What Next for Sports Policy as Crouch Resigns
Posted: Fri, 02 Nov 2018 10:39
We knew something was happening inside DCMS this week when a flurry of text messages indicated a meeting on Friday morning was likely to be postponed.
Then as we arrived at the Sunday Times Sportswoman of the year awards news finally broke that Sports Minister Tracey Crouch had resigned
Tracey Crouch left the government over the delays to the introduction of the new £2 maximum stake for fixed-odds betting machines - #FOBT. Of course many in sport wouldn't have picked up that 'our' sports minister has of course other duties in DCMS and gambling has long been a part of the wider brief. The £2 stake was warmly welcomed across Parliament but clearly not amongst the bookmakers who stand to lose money. They lobbied hard and the government caved in, much to the anger of Crouch.
For us in sport this is significant because as we have said numerous times, each Minister puts their own personal flavour into the role and the direction sports policy takes. It's a pity and partly why we exist, to help longer term thinking to prevent this swapping from one direction to another every 2-3 years when the Minister changes. But that is the nature of politics and many other walks of life. A new boss means a new direction.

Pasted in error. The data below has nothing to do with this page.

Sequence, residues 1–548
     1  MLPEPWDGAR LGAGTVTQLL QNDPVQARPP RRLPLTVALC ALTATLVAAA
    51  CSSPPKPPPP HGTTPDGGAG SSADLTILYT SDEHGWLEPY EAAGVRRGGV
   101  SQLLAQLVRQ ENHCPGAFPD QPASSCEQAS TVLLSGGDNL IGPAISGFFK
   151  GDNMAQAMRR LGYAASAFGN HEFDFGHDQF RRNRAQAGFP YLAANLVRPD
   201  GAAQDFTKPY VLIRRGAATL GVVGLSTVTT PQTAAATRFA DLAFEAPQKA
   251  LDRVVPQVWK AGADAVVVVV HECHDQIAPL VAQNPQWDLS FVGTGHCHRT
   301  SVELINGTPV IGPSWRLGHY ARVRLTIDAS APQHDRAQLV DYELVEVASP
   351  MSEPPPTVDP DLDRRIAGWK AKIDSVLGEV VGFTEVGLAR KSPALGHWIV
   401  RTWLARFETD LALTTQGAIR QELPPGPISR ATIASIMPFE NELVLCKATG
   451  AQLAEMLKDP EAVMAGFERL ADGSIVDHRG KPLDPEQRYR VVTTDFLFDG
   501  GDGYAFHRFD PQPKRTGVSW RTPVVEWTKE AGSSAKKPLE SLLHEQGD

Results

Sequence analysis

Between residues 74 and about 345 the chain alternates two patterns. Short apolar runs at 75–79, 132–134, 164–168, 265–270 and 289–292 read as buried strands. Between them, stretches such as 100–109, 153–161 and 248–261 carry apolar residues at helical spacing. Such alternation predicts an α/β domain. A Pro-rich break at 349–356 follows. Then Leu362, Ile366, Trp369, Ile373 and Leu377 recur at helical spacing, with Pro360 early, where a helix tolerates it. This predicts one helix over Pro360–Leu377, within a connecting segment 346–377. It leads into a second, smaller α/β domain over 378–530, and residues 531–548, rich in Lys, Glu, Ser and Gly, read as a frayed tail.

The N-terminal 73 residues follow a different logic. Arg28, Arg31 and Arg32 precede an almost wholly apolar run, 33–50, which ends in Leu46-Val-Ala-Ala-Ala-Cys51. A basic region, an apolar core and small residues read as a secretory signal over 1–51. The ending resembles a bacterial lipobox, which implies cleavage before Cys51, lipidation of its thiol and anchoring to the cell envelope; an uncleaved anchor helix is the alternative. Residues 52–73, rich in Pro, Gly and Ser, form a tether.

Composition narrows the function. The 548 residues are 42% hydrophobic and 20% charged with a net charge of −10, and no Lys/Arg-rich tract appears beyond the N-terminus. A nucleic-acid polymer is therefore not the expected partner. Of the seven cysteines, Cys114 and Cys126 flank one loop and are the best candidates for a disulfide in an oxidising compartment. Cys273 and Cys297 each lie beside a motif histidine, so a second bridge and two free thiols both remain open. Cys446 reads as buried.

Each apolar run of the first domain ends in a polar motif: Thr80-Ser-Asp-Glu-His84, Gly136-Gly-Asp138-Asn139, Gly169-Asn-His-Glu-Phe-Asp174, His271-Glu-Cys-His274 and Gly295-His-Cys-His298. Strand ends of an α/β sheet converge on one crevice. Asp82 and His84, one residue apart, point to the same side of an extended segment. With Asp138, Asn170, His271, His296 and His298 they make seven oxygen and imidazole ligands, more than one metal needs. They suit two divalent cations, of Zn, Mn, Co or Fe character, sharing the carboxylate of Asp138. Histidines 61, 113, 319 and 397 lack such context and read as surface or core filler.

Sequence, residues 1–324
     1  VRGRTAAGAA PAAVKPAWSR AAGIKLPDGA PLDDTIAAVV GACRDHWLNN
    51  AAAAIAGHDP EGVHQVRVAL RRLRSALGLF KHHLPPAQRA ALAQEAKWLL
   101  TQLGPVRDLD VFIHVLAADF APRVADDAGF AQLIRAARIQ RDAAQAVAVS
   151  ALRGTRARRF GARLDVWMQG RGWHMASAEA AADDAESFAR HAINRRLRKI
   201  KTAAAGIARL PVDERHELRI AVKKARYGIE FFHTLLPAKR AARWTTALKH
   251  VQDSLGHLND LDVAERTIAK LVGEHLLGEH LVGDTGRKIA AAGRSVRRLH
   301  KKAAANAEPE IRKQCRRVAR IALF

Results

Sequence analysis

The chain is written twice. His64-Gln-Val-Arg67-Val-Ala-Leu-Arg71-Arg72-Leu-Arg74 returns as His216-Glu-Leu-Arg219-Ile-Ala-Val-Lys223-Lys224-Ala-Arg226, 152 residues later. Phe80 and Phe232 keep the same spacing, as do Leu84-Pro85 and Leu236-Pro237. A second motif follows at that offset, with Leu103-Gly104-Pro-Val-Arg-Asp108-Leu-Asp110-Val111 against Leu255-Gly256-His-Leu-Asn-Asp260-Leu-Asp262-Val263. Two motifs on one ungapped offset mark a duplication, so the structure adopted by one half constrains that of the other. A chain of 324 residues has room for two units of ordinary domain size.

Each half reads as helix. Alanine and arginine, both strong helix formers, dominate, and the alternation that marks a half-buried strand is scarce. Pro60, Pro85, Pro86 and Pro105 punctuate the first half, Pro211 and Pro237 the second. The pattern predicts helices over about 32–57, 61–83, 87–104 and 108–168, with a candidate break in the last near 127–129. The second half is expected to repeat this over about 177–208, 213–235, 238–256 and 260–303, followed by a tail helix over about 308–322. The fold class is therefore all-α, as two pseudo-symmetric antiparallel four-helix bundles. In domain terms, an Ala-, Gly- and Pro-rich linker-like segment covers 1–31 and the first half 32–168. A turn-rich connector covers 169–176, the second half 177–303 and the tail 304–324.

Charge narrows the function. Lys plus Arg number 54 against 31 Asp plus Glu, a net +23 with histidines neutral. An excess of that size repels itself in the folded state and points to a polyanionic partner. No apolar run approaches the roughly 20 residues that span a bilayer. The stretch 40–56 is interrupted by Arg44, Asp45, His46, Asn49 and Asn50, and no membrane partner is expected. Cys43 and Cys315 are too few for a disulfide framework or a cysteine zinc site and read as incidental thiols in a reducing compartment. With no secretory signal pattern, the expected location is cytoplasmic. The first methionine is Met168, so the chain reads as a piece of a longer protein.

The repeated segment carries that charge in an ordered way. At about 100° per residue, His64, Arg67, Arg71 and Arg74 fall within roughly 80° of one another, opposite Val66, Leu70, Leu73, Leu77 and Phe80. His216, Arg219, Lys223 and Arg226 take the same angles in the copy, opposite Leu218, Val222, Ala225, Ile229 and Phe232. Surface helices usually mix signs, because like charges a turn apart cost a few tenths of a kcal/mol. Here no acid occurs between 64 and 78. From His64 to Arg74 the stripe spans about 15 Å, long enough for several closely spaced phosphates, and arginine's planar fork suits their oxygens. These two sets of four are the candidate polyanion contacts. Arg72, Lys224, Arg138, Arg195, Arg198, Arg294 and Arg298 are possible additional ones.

We are sad to see Tracey move on as she had been generally good for understanding the role of sport in its wider contribution to the government agenda. #sportignfututures was a real attempt to get a cross government approach even if it is not perfect.
However, as others have commented to us she is part of a government that pushed austerity on local authorities - so she must share the blame for the impact this is having in our local communities.
She has also been a little quiet a few times when we would have liked a bigger sport voice - for example when DfE cut £millions from the healthy schools capital programme. Crouch simple shrugged her shoulders.
So we look forward to working with whoever comes next. It is still one of the best jobs in government if you love sport and want to make a difference. We hope that the new Minister doesn't feel the need to tear up sports policy as its stands - but does take a look to tweak certain elements around the issues we raise at the Sports Think Tank.
And we wish Tracey Crouch well on the back benches and hope she is able to champion the causes she pursued in government free from the shackles of ministerial responsibility.